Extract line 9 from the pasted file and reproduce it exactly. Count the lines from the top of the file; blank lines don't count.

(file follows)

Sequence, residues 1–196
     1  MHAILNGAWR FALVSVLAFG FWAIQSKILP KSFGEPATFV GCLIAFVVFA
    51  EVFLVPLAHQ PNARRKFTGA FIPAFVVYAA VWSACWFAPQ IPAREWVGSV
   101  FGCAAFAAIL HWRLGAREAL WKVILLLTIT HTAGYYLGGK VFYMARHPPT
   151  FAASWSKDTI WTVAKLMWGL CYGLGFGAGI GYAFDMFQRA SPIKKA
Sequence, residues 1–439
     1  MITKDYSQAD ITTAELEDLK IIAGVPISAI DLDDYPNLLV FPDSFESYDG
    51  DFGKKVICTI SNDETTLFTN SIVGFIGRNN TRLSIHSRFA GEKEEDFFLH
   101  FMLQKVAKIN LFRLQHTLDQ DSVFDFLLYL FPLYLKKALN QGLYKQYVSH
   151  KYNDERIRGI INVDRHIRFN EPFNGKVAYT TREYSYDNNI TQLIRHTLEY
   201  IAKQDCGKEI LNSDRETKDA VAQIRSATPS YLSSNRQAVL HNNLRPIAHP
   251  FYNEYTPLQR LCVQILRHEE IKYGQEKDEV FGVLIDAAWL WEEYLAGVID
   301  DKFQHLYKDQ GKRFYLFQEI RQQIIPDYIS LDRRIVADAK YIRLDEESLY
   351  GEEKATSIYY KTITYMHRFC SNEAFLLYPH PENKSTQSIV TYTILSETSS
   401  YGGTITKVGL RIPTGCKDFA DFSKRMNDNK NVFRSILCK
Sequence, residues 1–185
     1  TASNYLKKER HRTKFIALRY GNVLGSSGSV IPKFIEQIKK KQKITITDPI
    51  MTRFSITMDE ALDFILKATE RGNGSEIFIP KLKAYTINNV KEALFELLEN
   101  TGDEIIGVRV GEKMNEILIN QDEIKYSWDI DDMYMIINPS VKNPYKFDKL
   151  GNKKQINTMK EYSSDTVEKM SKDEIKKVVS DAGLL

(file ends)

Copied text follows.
   101  FMLQKVAKIN LFRLQHTLDQ DSVFDFLLYL FPLYLKKALN QGLYKQYVSH